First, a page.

Examining the Effectiveness of Inter-regional Policy Dialogues in Higher Education: What does it Mean?
A lot has been written about the importance of transnational policy circulation. It is now commonly accepted that in order to understand the transformations of public policies, as well as the impact and relative effectiveness of the diffused model or approach, it is crucial to study the role of transnational policy networks, international organizations, and policy professionals in these processes. Yet be-yond this acceptance and the publication of several excellent studies on transna-tional actors, more in depth empirical studies are still needed to improve our knowledge of how to better conceptualise these processes, specifically, what ex-actly is being circulated, by which types of actors (what are the hats they wear? Do they wear multiple hats?), through which types of mechanisms (learning, co-ercion, mimicry, and so on), and to what effects (and are these effects intended or unexpected?).
More particularly, literature on circulation generally assumes that transnational networks’ objectives to shape national and local policies are reached –that they are effective-. We argue in this paper that it is essential to unpack and re-conceptualise the notion of effectiveness in the policy design of global initiatives. Empirically, the higher education sector is a good example of where more empir-ically grounded research on transnational circulation would assist in improving our collective knowledge of the vast transformation that has taken place in this sector around the world. Many have acknowledged that global and transnational initiatives, projects, arenas, networks dealing with higher education are prolifer-ating in the last years, but more research is wanting to illuminate higher educa-tion transnational policy circulation and fertilisation within these venues, as well as the resistance emanating from these exchanges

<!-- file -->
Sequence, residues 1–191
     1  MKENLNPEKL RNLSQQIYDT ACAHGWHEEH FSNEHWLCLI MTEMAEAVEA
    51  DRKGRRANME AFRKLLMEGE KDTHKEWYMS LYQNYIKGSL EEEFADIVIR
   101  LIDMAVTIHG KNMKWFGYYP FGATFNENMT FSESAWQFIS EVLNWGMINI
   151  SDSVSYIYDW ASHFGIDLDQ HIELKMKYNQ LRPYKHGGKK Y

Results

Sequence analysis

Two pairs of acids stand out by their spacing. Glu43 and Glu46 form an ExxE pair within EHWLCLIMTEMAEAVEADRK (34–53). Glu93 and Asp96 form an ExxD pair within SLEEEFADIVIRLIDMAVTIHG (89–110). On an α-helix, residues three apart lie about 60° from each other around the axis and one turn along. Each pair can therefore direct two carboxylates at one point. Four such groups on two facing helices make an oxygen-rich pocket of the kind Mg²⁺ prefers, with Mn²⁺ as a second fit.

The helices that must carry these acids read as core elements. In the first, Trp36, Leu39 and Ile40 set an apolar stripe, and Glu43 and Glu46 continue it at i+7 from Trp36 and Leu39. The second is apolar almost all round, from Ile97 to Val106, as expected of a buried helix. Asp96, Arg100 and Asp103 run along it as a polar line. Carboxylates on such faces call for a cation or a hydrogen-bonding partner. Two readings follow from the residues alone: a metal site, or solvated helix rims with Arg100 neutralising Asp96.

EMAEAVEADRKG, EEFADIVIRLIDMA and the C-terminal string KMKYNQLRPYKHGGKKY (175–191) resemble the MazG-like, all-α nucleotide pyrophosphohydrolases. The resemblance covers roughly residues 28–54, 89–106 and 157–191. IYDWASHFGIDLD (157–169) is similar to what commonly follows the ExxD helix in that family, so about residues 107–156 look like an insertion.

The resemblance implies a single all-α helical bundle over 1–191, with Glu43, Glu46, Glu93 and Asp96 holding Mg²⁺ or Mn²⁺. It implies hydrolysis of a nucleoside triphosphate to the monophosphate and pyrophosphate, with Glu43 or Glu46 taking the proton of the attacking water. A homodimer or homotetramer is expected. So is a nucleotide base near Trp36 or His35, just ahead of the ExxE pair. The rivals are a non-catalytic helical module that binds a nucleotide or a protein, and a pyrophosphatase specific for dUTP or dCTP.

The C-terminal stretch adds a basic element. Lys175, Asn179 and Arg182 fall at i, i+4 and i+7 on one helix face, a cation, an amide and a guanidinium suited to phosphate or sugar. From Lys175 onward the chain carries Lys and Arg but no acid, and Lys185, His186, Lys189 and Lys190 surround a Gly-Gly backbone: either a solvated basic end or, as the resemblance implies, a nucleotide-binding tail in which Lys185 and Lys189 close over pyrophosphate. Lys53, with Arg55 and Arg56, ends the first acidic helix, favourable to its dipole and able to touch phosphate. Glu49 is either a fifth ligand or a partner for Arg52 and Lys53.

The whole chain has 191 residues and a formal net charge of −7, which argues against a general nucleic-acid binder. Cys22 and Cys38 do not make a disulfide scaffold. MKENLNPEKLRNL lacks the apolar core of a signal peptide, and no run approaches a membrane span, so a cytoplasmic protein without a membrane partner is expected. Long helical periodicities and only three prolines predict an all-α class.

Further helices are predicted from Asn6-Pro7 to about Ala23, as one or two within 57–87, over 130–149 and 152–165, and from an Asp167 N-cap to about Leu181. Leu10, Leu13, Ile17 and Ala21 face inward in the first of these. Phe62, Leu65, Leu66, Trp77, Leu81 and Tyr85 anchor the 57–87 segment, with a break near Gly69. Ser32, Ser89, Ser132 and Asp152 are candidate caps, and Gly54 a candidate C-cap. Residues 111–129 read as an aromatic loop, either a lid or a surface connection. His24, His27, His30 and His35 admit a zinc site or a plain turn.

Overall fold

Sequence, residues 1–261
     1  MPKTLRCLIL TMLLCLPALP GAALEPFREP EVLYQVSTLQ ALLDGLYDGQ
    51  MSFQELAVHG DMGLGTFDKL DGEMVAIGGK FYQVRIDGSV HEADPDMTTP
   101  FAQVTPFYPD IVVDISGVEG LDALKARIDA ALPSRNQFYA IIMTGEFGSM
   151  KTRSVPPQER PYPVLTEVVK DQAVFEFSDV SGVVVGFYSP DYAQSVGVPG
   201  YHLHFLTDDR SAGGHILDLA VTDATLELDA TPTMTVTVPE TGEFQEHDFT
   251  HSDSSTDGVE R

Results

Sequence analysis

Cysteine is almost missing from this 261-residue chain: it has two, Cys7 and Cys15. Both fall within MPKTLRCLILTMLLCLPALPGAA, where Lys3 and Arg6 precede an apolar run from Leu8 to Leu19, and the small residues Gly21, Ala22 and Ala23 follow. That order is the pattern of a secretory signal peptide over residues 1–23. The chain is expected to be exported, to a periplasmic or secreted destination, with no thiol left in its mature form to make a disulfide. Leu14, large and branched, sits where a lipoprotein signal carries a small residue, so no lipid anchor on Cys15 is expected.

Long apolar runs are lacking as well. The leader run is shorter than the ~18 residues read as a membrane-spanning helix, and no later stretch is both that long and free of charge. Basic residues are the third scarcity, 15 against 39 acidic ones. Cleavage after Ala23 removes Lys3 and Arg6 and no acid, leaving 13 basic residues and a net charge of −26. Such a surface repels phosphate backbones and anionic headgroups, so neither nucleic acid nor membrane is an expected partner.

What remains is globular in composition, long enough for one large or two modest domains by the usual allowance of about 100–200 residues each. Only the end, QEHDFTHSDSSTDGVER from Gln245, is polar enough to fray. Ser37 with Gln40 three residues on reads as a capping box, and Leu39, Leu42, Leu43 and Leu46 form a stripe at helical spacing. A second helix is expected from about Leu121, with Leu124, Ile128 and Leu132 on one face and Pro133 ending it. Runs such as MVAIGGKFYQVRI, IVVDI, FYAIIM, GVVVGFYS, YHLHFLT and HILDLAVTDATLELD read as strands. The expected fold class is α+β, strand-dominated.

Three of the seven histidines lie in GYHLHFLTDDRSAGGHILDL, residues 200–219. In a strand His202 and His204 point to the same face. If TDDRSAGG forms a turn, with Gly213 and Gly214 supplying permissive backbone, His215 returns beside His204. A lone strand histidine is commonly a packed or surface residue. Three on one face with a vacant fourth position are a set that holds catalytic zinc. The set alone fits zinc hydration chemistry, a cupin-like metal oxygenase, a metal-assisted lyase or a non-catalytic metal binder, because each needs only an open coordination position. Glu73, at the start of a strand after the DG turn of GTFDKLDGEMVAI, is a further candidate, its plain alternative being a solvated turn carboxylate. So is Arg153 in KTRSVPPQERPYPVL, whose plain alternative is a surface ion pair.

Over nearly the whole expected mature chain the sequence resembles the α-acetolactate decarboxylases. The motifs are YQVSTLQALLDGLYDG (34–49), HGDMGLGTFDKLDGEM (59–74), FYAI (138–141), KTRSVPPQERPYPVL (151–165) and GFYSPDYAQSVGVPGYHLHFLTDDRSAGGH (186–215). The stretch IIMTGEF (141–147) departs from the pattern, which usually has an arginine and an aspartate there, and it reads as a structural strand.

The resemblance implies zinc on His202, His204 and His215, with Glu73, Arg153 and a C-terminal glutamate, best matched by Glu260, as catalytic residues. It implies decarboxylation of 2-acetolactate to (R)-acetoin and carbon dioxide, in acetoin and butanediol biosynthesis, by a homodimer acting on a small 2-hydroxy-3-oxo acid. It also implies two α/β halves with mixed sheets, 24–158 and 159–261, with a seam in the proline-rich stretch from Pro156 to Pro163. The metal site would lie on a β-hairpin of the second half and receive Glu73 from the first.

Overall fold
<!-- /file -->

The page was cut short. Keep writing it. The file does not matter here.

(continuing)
In this Paper, we first unpack the meaning of policy effectiveness in a globalized public policy environment. We derive two definitions—effectiveness as achiev-ing policy success, and effectiveness as exerting and effect—and apply them to studying a case of inter-regional higher education policy cooperation. Specifical-ly, we examine the inter-regional higher education policy cooperation between the EU and ASEAN: European Union Support to Higher Education in the ASEAN Region (EU SHARE). SHARE is a four-year programme (2015-2019) funded by the EU, seeking to strengthen regional cooperation in ASEAN across different areas within the higher education sector. The programme is divided into three result areas: (1) Policy Dialogues, (2a) ASEAN Qualifications Reference Frameworks, (2b) ASEAN Quality Assurance, (3a) ASEAN Credit Transfer Sys-tem, (3b) ASEAN-EU Credit Transfer Systems, and (3c) Student Mobility with Scholarships. This paper will focus on result area (1) Policy Dialogues. Using publicly available policy documents, participant observation of two sessions of policy dialogues (February 2016 in Bangkok, Thailand and October 2016 in Kuala Lumpur, Malaysia), as well as more than 55 in-depth interviews with par-ticipating actors, we will address the question: Are inter-regional policy dia-logues effective? If so, what are the effects?